Plato’s reading suggestions, episode 116

no iPhoneHere it is, our regular Friday diet of suggested readings for the weekend:

Do you really believe X? If so, take the Truth-Demon test. (Or, better yet, tell me how much money you are willing to bet on the truth of X.)

P.K. Dick, not Orwell or Huxley, predicted the world we live in.

More reasons to think the multiverse hypothesis isn’t good science. (see also my recent post here).

Psychologists surveyed hundreds of alt-right supporters. The results are as scary as shit.

Why so many Americans think Buddhism is “just” a philosophy.

An argument for not buying a cellphone. Which I read on, and tweeted about, from my iPhone.

The new “Cosmos” and the debate about the historical and scientific role of Giordano Bruno.


Please notice that the duration of the comments window is three days (including publication day), and that comments are moderated for relevance (to the post one is allegedly commenting on), redundancy (not good), and tone (constructive is what we aim for). This applies to both the suggested readings and the regular posts. Also, keep ‘em short, this is a comments section, not your own blog. Thanks!

134 thoughts on “Plato’s reading suggestions, episode 116

  1. labnut

    It’s true that admitting to an ideology can have that disadvantage,

    I would put it differently. It is true that ‘subscribing‘ to an ideology can have that disadvantage. Subscribing to an ideology is an emotional act of commitment. The force of that commitment is the problem. It far outweighs the ‘underlying assumptions and impressions that create standards for judgment ‘.


  2. labnut

    I disagree that “neoliberal” and “alt-right” do not have specific enough meanings to be useful. Sure, bth words are abused.

    It is the extent and the thoroughgoing nature of the abuse which make the terms unusable in thoughtful discourse. The terms are not just abused but they are used abusively. When that happens the terms no longer say anything useful about their object but instead say everything about the abuser.


  3. SocraticGadfly

    Paul, do you mean something is factually wrong with the casualty statement from the US Civil War, or something is morally wrong? Especially with estimates of Civil War fatalities ramped upward in the last few years, as far as I know, it remains factually correct.


  4. Massimo Post author


    “It is the extent and the thoroughgoing nature of the abuse which make the terms unusable in thoughtful discourse”

    I hear you. But it’s also possible that your, or Dan’s, perception of the extent of such abuse is not actually reflective of the reality of the situation. Certainly Saphsin and I think so, which means there is room for reasonable disagreement.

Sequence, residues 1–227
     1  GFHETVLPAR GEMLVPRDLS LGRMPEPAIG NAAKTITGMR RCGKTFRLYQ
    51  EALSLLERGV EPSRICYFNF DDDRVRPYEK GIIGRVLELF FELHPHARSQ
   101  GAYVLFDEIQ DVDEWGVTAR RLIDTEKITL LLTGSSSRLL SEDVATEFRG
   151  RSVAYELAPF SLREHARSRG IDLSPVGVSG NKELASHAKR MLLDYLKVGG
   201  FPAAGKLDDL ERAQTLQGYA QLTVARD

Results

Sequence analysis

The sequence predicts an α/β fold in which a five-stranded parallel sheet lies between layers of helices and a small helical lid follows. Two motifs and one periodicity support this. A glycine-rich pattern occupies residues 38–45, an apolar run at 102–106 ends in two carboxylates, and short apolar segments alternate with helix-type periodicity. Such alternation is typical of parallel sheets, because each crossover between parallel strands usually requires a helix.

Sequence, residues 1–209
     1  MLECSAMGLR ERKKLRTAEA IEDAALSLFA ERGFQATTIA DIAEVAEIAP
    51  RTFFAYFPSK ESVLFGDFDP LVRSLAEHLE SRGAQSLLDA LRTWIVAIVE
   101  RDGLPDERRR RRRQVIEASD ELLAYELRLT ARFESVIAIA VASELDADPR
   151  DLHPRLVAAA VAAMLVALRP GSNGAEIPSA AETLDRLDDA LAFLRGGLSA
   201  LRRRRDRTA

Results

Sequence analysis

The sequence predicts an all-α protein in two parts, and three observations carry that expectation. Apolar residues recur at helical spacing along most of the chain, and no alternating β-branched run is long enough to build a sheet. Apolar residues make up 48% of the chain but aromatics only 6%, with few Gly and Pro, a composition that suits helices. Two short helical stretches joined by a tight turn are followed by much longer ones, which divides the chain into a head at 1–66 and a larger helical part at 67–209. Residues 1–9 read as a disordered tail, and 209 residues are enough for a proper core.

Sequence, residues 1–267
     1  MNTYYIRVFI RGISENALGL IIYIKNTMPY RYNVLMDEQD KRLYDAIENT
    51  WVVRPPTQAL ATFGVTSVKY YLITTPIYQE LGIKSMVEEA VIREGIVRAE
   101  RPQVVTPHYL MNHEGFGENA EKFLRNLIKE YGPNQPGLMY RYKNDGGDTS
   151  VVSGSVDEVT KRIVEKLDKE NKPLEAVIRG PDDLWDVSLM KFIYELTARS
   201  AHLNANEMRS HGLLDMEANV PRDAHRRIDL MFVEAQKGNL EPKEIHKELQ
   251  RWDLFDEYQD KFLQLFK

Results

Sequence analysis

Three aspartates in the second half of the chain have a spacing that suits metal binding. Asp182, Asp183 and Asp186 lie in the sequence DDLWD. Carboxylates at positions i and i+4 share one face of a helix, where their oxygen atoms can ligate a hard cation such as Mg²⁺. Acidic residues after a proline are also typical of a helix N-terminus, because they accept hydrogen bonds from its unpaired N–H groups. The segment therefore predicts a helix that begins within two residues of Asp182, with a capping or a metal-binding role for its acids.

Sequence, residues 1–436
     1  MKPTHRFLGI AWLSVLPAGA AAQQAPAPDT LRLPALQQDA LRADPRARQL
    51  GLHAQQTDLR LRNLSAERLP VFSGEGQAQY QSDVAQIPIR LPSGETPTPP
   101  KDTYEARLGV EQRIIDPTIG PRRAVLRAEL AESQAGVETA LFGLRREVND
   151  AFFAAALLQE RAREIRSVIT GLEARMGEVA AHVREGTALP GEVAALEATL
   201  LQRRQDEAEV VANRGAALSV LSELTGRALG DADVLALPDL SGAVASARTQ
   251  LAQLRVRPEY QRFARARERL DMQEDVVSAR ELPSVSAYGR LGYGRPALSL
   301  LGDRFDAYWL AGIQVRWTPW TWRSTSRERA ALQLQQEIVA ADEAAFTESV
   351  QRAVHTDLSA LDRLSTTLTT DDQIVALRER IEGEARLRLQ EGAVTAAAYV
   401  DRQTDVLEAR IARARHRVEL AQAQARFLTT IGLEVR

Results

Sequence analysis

Liked by 1 person

  5. SocraticGadfly

    Perhaps, to fire back, complaints about alleged abuse of the terms “neoliberal” and “alt-right” fall under that old English-language cliché of:

    “Whose ox is being gored.”

    There’s also an old bon mot from Shakespeare which I’m sure people can think of.

    Liked by 2 people

  6. brodix

    Filtering ideologies through Philip’s comment about the language multiverse, there are multitudes of framing devices. Individuals, cultures, states, etc, need some sense of focus, boundaries, input, output, etc and in their more constricted and degenerative stages, become dis-attached from their organic origins and functions, but this life cycle has to be taken into account.
    Sometimes the hard surface can be a protective shell, sometimes it can be a scab in the process of peeling away and often a combination.
    Bottom up processes and top down forms.

    Liked by 1 person

  7. labnut

    But it’s also possible that your, or Dan’s, perception of the extent of such abuse is not actually reflective of the reality of the situation.

    I have the greatest respect for Dan-K’s perceptive insights. He has always struck me as a balanced and fair observer, well informed about US’ cultural matters. His writings have always struck me as even handed, without ideological leanings. Thus I trust his perceptions as being “actually reflective of the reality of the situation“.


  8. labnut

    To that I would add that I have no axe to grind in this matter. I am a distant observer who looks on in some amusement at American theatre. American politics has become Hollywood by other means.


  9. Paul Braterman

    SocraticGadfly, let me spell it out. The statement under consideration is “[M]ore people were killed in the Civil War than all our other wars combined”.

    I have actually heard people say that 40,000 people were killed in Vietnam, and 4,000 in the 2003 Gulf War. Do you think that those are accurate statements, even within an order of magnitude?


  10. saphsin


    My choice of words is arguable but “subscribing” is close to what I meant. But what I wanted to imply in my previous post is that we all inevitably subscribe to something at least ideology-lite, and that actually admitting that we have certain inclinations, being concerned about their implications and how they match up with empirical facts, and trying to bolster specific claims from the perspective of a carefully defended belief system may make us less vulnerable to intellectual mistakes and false judgments.